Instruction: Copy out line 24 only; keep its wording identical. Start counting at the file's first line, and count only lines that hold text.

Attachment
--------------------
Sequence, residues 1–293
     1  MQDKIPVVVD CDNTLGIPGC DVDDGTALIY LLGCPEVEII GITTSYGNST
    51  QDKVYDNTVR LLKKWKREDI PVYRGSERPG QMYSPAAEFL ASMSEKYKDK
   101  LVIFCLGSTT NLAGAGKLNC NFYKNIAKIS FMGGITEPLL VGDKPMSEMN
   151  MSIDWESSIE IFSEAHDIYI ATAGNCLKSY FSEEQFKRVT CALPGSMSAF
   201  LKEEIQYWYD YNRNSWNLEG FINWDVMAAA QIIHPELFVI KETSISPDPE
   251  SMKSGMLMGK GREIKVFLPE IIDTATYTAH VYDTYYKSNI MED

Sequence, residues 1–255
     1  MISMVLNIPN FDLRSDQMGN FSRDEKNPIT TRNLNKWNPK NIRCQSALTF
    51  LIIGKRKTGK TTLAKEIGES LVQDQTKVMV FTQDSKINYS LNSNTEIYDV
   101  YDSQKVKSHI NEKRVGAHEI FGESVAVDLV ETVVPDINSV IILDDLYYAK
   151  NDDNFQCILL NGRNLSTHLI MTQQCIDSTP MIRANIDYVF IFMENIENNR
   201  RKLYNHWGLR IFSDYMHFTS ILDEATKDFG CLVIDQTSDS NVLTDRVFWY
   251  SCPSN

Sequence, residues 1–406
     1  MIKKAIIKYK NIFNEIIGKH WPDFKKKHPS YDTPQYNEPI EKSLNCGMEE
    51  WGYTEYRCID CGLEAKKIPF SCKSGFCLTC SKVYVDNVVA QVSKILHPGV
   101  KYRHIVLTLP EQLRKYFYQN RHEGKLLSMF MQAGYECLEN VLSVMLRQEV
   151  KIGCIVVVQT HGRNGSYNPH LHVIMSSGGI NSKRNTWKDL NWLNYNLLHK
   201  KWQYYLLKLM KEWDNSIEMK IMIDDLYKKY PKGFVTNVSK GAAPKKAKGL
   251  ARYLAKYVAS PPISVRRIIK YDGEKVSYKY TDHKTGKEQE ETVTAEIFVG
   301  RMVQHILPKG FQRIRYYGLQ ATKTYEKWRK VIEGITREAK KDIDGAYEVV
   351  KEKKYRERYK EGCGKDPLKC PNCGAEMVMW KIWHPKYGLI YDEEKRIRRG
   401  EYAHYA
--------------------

   401  EYAHYA